This questions is asked quite often: Can you build lineups strictly off the player cards provided by DraftKings? The answer is yes, you actually can. Enough information exists on these cards to make it plausible. At the very minimum, the player cards help you with ideas for a lineup. Visually, you can see what a player does over a time period and much more. Let’s dig a little deeper into this.
For up-to-the-minute news, analysis and lineups, download the DK Live app, as news, injury reports and betting lines can change throughout the day. Value also unexpectedly can open up due to late lineup changes and late injury news, making it important to stay up to the minute with the DK Live app or DK Live desktop until lineups lock.
At A Glance
When you are looking for numbers quickly, the “At A Glance” tab offers fast numbers for the DFS player that may not have the time to go into deeper detail. The normal stats quickly go into the last game, the last ten games, and then the season. It gives you a snapshot of what is going on with the player in terms of goals and assists, special teams points, and even face-off wins and losses. If that was not enough, time on ice is used, along with shots on goal, and shooting percentage.
There is a lot to digest just on one tab of a graphic. As an example, say we read a hypothetical Player A’s player card. We’ll be able to get answers to questions such as, did Player A score last game? How many shots on goal did he take? What was his ice time? So on and so forth. Again, this does not go into that much detail, but for daily lineups, it gives you an idea of the vital categories. When one is making decisions for nine players, this is quite useful.
Next, we’ll look at the row which displays the 10-game snapshot. This gives you about a three week window (sometimes less, sometimes more) of how the player is performing overall. Say Player A had 14 points in that time period, including seven goals and seven assists. That is downright on fire! When a player averages over five daily fantasy points a game for a period that long, now that is league leading potential.
Finally, we’ll review the last row, which is the season totals. Using our same example from before, this could tell us Player A is essentially a top-five point producer, who shoots at around a 15% average on the season, while his last ten games show that percentage is almost 7% higher. He does average around three shots a game on the year. His power play points are right around 0.4 per contest. These are all useful takeaways that can be found in the “At A Glance” tab.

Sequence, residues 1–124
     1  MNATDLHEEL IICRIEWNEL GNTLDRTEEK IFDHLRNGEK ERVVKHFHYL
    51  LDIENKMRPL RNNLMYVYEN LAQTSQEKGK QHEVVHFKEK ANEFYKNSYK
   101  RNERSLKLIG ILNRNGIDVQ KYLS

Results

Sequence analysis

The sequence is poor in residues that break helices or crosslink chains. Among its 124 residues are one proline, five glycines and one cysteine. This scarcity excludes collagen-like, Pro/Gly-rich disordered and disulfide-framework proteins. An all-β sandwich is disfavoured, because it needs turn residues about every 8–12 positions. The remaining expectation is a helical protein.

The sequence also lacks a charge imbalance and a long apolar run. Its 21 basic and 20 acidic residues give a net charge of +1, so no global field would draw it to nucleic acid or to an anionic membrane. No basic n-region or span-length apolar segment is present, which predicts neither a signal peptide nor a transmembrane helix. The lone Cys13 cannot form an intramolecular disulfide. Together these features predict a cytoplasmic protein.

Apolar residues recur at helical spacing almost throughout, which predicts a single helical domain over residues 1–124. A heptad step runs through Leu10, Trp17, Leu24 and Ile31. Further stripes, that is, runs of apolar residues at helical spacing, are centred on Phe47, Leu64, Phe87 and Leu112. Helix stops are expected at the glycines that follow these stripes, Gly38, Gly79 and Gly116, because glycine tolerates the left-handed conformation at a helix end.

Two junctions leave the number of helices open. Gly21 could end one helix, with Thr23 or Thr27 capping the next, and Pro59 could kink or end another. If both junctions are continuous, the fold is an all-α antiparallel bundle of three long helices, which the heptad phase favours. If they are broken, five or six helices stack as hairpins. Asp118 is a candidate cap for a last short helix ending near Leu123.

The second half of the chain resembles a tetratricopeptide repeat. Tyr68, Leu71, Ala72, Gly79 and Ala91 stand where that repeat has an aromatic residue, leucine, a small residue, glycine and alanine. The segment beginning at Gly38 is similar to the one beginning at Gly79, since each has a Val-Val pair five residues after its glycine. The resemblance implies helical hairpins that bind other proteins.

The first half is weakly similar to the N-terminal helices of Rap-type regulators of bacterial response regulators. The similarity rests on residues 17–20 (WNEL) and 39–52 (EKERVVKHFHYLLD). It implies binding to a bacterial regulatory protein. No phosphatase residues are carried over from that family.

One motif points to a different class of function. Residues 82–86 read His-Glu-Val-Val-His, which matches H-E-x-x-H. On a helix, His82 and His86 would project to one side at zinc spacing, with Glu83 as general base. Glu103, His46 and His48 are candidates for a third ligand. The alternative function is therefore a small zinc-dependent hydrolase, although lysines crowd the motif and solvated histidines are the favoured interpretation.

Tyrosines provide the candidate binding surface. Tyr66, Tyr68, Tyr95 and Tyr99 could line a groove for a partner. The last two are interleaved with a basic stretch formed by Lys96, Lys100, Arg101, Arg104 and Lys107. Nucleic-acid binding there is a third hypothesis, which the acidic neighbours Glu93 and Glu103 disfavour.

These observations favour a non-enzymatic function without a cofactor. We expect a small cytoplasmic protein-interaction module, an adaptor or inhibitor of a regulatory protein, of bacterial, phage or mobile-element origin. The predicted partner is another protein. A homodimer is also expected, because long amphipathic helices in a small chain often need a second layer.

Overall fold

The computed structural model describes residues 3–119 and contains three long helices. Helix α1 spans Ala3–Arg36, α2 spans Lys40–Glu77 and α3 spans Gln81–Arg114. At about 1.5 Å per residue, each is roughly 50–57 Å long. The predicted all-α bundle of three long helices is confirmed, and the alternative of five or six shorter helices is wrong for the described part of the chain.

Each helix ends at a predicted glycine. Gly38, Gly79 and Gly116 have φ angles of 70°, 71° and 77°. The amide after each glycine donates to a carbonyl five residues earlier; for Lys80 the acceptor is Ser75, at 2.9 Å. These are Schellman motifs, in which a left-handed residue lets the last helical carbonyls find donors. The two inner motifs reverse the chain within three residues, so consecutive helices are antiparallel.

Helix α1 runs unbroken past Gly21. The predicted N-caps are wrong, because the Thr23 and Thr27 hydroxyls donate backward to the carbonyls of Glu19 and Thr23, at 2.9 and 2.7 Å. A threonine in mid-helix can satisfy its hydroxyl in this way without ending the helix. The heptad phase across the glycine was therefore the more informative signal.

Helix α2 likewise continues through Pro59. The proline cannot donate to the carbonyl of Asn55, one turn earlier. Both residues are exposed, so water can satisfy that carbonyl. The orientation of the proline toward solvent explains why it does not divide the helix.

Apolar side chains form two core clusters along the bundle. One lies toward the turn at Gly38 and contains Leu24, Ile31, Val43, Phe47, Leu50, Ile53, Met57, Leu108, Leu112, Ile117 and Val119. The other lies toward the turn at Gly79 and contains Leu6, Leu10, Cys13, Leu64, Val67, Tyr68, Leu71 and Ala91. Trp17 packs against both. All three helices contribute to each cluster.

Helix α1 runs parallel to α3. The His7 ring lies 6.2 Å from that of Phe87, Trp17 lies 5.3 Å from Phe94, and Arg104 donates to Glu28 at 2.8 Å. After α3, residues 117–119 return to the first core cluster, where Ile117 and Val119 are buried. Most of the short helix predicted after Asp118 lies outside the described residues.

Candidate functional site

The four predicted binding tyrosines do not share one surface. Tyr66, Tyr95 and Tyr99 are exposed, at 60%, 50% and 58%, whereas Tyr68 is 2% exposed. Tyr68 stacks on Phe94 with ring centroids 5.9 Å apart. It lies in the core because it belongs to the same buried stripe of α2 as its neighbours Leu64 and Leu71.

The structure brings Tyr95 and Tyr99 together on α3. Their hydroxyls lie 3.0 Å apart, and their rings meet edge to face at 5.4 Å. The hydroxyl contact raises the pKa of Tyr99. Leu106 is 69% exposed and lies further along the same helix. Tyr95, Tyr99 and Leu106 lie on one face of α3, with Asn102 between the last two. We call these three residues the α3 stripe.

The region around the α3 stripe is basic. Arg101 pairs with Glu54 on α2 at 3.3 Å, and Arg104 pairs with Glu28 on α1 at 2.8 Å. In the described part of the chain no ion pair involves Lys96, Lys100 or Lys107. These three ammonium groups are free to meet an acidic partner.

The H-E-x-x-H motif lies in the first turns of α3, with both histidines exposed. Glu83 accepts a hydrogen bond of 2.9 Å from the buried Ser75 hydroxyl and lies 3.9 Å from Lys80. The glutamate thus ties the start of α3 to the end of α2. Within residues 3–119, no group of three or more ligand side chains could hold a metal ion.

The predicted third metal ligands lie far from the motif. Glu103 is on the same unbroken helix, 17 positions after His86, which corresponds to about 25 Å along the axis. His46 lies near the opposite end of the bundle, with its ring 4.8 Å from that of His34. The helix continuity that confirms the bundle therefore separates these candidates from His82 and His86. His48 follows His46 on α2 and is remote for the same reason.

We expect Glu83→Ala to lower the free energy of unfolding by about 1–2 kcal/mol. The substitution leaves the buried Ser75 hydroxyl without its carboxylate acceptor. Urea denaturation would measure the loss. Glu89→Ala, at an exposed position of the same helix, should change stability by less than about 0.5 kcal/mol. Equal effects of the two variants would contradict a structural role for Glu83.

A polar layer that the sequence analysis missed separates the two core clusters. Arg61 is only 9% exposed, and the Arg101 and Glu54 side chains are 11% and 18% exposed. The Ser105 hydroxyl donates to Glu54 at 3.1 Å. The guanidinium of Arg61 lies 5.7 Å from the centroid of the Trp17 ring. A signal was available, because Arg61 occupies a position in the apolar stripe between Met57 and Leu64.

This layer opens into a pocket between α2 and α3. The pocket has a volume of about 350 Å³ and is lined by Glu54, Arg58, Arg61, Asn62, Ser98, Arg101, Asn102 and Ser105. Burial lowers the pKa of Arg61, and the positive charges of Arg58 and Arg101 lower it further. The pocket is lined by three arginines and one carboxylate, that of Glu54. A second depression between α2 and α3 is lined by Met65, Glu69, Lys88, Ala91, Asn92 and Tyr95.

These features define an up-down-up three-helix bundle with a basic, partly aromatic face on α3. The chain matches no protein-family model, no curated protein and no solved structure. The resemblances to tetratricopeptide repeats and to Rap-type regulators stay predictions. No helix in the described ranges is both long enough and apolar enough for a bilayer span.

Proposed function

Home and away game splits are useful for general compare and contrasts purposes. You will be able to see how a player’s stats differ when he is at home versus on the road. Usually, skaters don’t have a significant drop whether they are at home or on the road. However, this category on the player card can be helpful when selecting your goalies, as home and away game splits can be more drastic.
There are minor, mostly subtle differences from the stats in general for skaters. Things such as ice time, face-offs, shots on goal, etc. can differ slightly. This category simply helps you be a bit less bullish for road games.
The 10-Game Log is pretty self-explanatory. It takes the numbers you have seen over the first couple tabs and gives you a game log of the last 10 games. This helps youspot trends in price, points, and value. After all, this is all about quick information.
The biggest thing you can pick up on in the 10-Game Log is the big price shifts and time-on-ice patterns. Looking at recent trends of a player’s price compared to production can be very useful when selecting your fantasy lineups. If you notice a player has been playing more and more minutes per game, and their price hasn’t increased with their production, this can be a valuable player selection.
The final tab gives you the opposition ranks of the team the player is up against. With this, you get everything from shots allowed per game, down to penalty kill percentage, goals allowed per game, etc. The latest player news is also on the bottom throughout all of these tabs.
There are also ranks for the categories, and last but not least, goalie save percentage. Can the team your guy is playing stop enough shots to maybe neutralize my player? It is an excellent question.
These tabs should give you a good framework on potential players but should not be considered the only criteria in selecting a player. There are always other trends to consider. Just keep that in mind.